Can you tell us more about natural regeneration?

Sadhana Forest operates in arid regions, making it imperative that tree planting is combined with soil and water conservation practices. Implementing sustainable rainwater management, always adapted to the local context, mitigates erosion and recharges the water table. It increases soil moisture levels, fostering tree growth and health. Moreover, the water-efficient irrigation methods we use minimise water evaporation and soil salination.

The retention of water in the soil of these particularly arid areas attracts birds and mammals from nearby and distant locations. They carry seeds with them, which they leave to germinate in the soil. This leads to a natural regeneration of the ecosystem. As vegetation starts to flourish, other animals show up, introducing even more seeds into the environment, perpetuating the cycle. In this way, new trees emerge, extending the impact and benefits of the project far beyond the initially planted trees.


How does this partnership fit in with your environmental approach?

In this approach, our motto remains “measure, reduce, contribute”. That’s why we are committed to generating an accurate greenhouse gas balance sheet for all our activities. We have developed a model to calculate our emissions at three levels of scope, following the guidelines set out in the Greenhouse Gas Protocol. We extend our efforts to include the carbon impact associated with the construction of the properties we manage, even if we do not directly own them.

We then aim to reduce any emissions wherever possible. For example, we work with an association that recycles soap, and we equip our adapted properties with intelligent technology to control temperature and avoid unnecessary journeys (Nuki Smart Lock). We have also chosen LEED GOLD offices for our headquarters, which are very rare in Barcelona. Leadership in Energy and Environmental Design (LEED) is a globally- recognised certification system for buildings of high environmental quality.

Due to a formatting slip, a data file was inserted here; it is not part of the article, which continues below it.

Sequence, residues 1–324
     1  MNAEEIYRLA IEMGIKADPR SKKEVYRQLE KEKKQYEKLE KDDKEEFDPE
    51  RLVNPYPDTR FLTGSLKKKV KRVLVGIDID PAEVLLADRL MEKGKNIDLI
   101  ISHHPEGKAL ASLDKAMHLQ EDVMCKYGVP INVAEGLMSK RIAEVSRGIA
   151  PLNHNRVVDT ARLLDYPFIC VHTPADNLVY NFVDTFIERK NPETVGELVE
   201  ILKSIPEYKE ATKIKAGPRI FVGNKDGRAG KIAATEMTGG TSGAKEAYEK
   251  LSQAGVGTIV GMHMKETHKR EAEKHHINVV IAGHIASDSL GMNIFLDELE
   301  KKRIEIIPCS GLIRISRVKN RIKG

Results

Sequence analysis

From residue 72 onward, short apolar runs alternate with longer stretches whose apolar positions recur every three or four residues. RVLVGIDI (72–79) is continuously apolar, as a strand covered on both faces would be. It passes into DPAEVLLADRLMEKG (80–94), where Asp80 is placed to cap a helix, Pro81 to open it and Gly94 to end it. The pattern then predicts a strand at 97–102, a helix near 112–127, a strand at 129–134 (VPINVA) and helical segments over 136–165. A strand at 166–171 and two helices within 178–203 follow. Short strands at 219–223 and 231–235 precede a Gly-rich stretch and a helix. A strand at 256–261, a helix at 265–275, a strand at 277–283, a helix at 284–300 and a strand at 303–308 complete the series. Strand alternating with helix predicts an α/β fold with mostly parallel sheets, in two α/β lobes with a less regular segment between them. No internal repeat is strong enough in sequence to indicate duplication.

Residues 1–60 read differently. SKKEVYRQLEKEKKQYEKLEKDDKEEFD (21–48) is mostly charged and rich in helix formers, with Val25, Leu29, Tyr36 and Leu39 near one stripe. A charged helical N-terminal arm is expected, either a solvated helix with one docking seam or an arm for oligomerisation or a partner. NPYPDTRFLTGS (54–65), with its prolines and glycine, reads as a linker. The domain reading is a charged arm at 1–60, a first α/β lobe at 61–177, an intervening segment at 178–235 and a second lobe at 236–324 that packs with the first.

Finally, our final footprint is translated into a 'carbon contribution' budget that we pay to Sadhana Forest at the end of each year. 


What are the best practices for maximising the impact of a reforestation project?

In addition to the criteria mentioned above, such as the proportion of indigenous trees planted in the forest area, the diversity of tree species, and soil and water conservation practices, the impact will be greatest if the project has been designed with local people, through a participatory process that includes the exchange of technical and indigenous knowledge.

Furthermore, plant protection, monitoring, and long-term maintenance work are essential. Our on-site teams consistently ensure the protection, growth and upkeep of the trees. The impact of a reforestation project will also be maximised if most of the budget is spent on planting trees and restoring forest ecosystems. In our view, it is key that management and overheads only account for a minority of expenditure, so that the majority of funds can be used to implement actions on the ground.


What specific project have you decided to finance and why?

I have a personal history with Haiti, I am well acquainted with the reality of the country, I've been there several times. I particularly admire the association's long-term vision and resilience – being the only one that has consistently stayed and worked tirelessly for years, despite facing natural disasters and political challenges. When Sadhana Forest suggested that I fund this project, which holds both environmental and social significance, the decision was an obvious choice. 


Can you tell us more about the objectives of this project and its impact?

Haiti is among the countries most severely affected by deforestation and contends  chronic instability. The population faces challenges with an often inadequate and poor-quality nutritional diet.